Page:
another pumpkin patch moment.

apple picking at grandma's.

she won't drink milk, but she loves hot chocolate.

every time we're in grandma's front yard,
she wants to sit on a rock and have a portrait taken.
I oblige. 

Pumpkin Muffins with Spiced Streusel Topping

Autumn is almost over. Is that even possible? It seems like the seasons always end too soon, and on our last drive up the canyon most of the leaves had already fallen. I'm trying not to be too disappointed about it, trying to savor what is left of this glorious season. And this morning, I was trying to use up the open can of pumpkin that's been staring at me every time I open the fridge for a week (do any recipes ever use a whole can?).

I've made pumpkin pancakes several times already this month, but I wanted something equally quick and easy this morning. I immediately thought to make muffins.

My mom is a muffin maker. She'll whip them up for breakfast (chocolate chip, blueberry, banana walnut), or to go alongside soup on a cold night (apple cinnamon, carrot, oatmeal raisin). They are wonderful: lightly sweet, soft, warm, and especially good smothered in butter or homemade jam.

Mom taught me one important thing about making muffins: don't overmix. If you mix too much, they will be tough and they won't dome up on top. The batter should be lumpy, and there may even be some small patches of dry flour. Another trick from mom: fill the empty cups in your muffin tin with water before baking. Just do it.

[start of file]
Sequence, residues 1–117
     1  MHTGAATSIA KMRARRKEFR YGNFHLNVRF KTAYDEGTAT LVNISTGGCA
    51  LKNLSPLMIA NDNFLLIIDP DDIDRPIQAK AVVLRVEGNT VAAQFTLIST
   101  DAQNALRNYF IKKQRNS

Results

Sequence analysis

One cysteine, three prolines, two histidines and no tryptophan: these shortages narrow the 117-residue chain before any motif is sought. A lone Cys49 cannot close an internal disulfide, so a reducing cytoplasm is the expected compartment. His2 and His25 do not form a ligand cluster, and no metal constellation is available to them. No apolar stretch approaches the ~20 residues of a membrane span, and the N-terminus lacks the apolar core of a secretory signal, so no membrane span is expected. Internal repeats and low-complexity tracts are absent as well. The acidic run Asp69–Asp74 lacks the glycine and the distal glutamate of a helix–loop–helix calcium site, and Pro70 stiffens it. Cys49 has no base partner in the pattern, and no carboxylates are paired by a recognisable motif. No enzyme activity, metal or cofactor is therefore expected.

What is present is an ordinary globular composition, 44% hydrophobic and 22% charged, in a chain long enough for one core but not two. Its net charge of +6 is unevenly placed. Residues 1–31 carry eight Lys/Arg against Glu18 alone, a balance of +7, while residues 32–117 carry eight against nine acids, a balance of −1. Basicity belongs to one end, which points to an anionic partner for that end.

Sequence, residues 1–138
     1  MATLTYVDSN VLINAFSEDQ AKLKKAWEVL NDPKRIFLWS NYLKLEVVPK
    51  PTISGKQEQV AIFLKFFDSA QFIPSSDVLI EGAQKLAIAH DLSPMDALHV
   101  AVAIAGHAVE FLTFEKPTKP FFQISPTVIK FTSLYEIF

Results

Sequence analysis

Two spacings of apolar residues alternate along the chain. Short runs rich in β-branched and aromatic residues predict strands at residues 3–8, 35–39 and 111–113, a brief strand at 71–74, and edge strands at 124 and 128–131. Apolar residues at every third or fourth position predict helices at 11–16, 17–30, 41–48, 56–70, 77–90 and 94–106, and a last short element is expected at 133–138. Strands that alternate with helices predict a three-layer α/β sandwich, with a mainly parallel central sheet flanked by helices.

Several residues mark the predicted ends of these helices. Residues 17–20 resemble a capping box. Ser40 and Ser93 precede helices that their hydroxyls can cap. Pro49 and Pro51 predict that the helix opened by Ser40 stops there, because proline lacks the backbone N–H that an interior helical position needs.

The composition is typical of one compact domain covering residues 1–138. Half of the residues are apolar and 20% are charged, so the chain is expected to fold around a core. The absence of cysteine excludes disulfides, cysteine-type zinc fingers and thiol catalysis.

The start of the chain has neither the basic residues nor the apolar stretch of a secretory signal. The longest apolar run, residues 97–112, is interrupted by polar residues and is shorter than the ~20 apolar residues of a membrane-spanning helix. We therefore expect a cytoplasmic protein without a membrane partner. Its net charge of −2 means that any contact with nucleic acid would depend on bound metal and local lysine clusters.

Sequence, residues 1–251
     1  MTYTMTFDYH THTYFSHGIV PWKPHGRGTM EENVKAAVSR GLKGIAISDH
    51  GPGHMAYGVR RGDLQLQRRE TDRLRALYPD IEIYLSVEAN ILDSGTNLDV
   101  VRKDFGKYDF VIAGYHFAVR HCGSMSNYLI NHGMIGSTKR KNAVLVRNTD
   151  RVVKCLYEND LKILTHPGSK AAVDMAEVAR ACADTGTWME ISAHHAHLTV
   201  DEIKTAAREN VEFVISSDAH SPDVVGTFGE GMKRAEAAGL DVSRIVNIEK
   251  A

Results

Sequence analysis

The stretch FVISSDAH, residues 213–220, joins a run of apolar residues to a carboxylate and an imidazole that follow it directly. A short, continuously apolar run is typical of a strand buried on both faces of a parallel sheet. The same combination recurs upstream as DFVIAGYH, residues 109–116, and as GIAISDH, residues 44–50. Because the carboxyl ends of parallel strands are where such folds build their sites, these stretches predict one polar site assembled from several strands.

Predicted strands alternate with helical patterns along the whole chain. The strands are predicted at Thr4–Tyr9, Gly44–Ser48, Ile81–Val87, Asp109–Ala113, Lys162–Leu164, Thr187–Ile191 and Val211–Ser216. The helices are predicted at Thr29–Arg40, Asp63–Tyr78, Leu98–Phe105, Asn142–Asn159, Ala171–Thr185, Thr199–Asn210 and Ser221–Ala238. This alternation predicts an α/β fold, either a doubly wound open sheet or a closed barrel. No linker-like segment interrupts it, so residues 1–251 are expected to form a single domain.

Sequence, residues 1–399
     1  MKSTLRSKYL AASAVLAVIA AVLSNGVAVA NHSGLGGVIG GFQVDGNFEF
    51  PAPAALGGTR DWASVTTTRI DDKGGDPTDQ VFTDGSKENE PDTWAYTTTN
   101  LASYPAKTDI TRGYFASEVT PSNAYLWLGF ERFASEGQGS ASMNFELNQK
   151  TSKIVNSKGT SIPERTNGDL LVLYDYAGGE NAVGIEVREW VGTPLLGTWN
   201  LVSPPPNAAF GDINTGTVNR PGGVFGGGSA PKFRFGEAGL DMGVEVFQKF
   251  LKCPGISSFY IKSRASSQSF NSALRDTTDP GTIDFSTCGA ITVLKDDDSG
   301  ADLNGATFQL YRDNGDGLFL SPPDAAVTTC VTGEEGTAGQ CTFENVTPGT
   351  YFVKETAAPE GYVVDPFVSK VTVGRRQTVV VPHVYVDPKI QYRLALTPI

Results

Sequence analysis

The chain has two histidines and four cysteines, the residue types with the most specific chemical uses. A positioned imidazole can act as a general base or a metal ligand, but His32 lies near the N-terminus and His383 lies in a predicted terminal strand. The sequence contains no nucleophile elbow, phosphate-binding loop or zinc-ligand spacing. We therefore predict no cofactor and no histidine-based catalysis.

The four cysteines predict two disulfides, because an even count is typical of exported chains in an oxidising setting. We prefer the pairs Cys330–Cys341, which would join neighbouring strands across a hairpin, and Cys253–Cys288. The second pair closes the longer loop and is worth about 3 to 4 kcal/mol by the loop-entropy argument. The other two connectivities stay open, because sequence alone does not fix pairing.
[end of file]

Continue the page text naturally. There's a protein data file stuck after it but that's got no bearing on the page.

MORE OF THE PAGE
So with my heart set on pumpkin muffins, I opened up my good-old Betty Crocker cookbook and found a basic pumpkin muffin recipe. Betty calls for raisins in hers, while other recipes I looked at online include chocolate chips or pecans. I decided to skip the raisins and instead top mine with streusel (we're big streusel fans at our house). I also subbed pumpkin pie spice in a few places to give it that extra autumn flavor.

Betty is notorious for dump recipes, meaning you just dump in all the ingredients and mix it up. This is great for easy, one-bowl baking, but can sometimes lead to problems. This method, in combination with attempts not to overmix, can yield muffins with pockets of flavor like an extra salty bite, or in the pumpkin muffin recipe, some unmixed lumps of pumpkin puree. To avoid these problems, I like to mix all my dry ingredients together, and all my wet ingredients in a separate bowl. Then add the wet to the dry, and mix until just combined and still lumpy. Problem solved, and only one extra bowl to wash.

Now to the point, here's the recipe.

Pumpkin Muffins with Spiced Streusel Topping

Makes 12 muffins

For topping:

1/3 cup brown sugar
1/4 cup flour
1/2 teaspoon pumpkin pie spice
3 tablespoons butter, chilled

Mix all ingredients until well combined and crumbly. You can use a pastry blender, two knives, your fingers, or a food processor. I used my mini prep processor, which I love.

For the muffins:

1 cup flour
1/2 cup whole wheat flour (you can use all white flour too)
2 teaspoons baking powder
1/2 teaspoon salt
1 teaspoon pumpkin pie spice
1/2 cup milk
1/2 cup pumpkin puree (canned)
1/4 cup butter, melted
1 egg

Preheat oven to 400 degrees. Prepare muffin pan by spraying with cooking spray. Mix all dry ingredients in a medium-sized bowl.